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Review: Nap Eyes, 'I'm Bad Now'

Note: NPR's First Listen audio comes down after the album is released. However, you can still listen with the Spotify or Apple Music playlist at the bottom of the page.


Nap Eyes' I'm Bad Now is named after the binary of "good" vs. "bad" prevalent in children's make-believe games. The title references the inherent team-switching that takes place during a lifetime, dabbling in the dark to make space for the light later. Told through vacillating second-person verses and tight, shimmery guitar riffs, I'm Bad Now slithers through 11 tracks like a phosphorescent python, its diamond-shaped scales emitting both glimmer and gloom.

The band wrote the album via a two-step process. Chapman developed and arranged bones into a convincing skeleton at his home in Halifax; then, lead guitarist Brad Loughead, bassist Josh Salter and drummer Seamus Dalton — who all live about 12 hours away in Montreal — tease out an ornate network of nerves, eventually ensconcing those bones in a thick, fleshy suit. Though Nap Eyes' work is simple to digest and sometimes drips with listlessness, these guys are far from slackers.

They're more self-aware now, too, as demonstrated by the tongue-and-cheek single "Every Time The Feeling." On it, Chapman lets the words lazily fall from his lips: "I can't tell what's worse / The meaninglessness / Or the negative meaning / But I figured out a way / To get on with my life / And to keep on dreaming." Each short stanza falls like a renegade drop of weak coffee, sizzling on the hot plate then rising up again in steam form.

"You Like To Joke Around With Me" crystallizes agonizing carelessness. Chapman reveals bleak vulnerability: "Last night my friend surprised me with gestures of kindness I'd never expect / Once I look down, often worried about life's distant loneliness." Drums shuffle like dulled, anxious pacing. Cracked open, the track feels like nerves fried from endless contemplation, the inherent isolation each human experiences examined under a smudged magnifying glass. "Dull Me Line" pushes the self-criticism further, reducing Nap Eye's work to "bored and lazy disappointment art." The line is a far cry from the complex, contemplative routes drawn throughout the record. "You don't even smile / Even if it feels natural" hangs numb, isolated —but not on accident.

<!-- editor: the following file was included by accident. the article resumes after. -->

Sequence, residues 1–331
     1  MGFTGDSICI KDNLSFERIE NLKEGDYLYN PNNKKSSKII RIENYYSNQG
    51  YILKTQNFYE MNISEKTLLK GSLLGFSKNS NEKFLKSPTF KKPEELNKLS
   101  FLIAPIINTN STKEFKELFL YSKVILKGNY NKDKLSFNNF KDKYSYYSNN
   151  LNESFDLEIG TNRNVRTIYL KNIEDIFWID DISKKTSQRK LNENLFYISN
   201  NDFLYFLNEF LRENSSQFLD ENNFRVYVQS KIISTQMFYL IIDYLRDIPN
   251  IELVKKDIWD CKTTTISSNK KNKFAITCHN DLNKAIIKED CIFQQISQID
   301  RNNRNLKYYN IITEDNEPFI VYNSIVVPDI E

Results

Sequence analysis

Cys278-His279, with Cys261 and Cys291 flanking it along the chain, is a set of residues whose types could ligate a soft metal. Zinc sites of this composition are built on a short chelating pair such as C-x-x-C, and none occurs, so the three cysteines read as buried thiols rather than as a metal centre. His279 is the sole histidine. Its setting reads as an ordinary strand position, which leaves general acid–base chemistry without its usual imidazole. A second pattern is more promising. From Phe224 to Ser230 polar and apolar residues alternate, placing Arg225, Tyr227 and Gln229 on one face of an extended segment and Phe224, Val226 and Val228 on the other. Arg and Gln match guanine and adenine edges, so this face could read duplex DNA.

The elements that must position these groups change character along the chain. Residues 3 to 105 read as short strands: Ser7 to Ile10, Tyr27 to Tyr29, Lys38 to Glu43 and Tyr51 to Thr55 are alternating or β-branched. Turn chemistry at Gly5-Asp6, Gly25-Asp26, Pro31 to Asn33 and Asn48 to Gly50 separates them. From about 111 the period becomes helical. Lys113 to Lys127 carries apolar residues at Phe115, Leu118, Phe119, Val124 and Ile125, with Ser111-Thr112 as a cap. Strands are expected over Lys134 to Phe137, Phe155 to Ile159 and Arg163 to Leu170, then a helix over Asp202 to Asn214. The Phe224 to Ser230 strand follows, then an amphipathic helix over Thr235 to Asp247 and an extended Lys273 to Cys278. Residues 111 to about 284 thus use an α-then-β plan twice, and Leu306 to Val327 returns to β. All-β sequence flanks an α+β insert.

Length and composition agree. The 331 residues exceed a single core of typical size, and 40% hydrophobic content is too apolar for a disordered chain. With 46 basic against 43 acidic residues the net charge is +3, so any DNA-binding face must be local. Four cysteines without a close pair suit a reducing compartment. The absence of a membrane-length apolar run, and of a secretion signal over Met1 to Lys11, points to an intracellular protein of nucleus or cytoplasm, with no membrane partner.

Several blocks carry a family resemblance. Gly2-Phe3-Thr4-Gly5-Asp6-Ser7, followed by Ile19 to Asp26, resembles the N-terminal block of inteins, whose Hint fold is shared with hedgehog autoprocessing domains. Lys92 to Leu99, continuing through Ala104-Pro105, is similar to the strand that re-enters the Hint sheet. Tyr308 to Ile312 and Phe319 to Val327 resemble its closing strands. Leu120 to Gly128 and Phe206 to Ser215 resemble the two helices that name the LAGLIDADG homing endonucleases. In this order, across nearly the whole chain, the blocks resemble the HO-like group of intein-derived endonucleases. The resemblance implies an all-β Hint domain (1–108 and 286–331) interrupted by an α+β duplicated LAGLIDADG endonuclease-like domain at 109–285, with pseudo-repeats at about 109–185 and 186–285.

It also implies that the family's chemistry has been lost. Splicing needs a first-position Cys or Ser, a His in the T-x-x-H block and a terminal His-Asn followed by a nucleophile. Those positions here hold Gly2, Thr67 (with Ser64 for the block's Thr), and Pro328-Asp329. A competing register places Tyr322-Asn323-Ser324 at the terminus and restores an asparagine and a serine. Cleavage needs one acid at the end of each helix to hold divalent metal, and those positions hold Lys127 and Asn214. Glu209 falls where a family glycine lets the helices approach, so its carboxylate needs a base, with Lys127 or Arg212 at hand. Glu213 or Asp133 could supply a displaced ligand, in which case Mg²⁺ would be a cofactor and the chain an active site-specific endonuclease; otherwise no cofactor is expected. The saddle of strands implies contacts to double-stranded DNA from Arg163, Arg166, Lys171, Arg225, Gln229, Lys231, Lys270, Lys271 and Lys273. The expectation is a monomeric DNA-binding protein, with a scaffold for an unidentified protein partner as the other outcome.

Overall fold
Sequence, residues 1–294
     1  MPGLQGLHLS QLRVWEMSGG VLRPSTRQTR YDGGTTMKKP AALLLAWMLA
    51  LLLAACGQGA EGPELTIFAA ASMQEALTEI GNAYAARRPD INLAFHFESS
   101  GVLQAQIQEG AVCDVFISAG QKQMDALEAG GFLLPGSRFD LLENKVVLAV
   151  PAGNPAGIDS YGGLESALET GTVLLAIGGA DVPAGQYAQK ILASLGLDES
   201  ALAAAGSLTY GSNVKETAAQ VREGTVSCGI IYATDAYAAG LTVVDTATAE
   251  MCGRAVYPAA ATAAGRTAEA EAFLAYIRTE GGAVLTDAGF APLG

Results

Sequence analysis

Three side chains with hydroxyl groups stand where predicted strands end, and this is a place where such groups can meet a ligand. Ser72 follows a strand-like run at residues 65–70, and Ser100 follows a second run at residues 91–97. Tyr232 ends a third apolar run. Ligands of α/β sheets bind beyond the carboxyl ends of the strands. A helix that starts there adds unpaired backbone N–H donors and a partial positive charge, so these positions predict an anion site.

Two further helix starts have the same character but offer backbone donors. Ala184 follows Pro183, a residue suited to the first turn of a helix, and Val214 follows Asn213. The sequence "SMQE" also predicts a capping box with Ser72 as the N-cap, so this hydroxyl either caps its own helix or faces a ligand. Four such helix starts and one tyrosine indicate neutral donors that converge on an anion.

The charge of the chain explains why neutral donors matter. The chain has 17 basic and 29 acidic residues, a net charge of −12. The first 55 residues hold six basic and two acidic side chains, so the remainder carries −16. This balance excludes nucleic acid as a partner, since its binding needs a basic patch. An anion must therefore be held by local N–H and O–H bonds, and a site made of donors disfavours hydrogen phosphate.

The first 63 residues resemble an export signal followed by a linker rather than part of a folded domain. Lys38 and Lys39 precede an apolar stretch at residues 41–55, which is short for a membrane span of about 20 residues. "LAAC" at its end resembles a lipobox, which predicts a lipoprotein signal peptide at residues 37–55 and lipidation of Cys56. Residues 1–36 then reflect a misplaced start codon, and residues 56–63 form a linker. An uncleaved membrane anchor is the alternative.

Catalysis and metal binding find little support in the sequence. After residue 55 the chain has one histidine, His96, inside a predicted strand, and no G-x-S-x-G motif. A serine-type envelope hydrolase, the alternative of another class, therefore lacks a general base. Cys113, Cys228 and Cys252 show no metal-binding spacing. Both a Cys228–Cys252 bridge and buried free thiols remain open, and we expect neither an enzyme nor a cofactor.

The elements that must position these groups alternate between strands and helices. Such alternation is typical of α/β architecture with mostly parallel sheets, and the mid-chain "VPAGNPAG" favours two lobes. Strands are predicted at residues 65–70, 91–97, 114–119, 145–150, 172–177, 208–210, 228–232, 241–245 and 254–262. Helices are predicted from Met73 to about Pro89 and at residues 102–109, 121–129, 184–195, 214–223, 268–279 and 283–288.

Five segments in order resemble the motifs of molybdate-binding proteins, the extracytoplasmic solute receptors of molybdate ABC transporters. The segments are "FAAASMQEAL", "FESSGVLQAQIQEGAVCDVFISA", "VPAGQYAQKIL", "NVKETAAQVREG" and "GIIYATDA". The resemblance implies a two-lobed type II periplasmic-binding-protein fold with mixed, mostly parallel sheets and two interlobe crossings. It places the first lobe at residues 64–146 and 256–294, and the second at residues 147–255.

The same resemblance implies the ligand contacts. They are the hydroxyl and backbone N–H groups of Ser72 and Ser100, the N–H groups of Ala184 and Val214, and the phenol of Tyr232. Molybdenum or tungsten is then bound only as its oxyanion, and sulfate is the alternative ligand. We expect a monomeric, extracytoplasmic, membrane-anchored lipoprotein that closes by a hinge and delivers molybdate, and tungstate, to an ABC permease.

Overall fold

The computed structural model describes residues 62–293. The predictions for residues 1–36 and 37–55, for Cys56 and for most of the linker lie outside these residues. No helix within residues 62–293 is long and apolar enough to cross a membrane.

The band's first record, Whine Of The Mystic, spoke with authority and certainty. Follow-up Thought Rock Fish Scale started to swirl around in heady waters, but I'm Bad Now meditates mortality, limitations and solitude to the point of pain, then detachment. It reinstates what fans might have been tempted to declare in 2014: These musicians are masters of subtlety. Whether it's a flash of polite desperation or Velvets-y guitar jams, Nap Eyes keeps a promise to look inwards — even if that exposure risks blistering.

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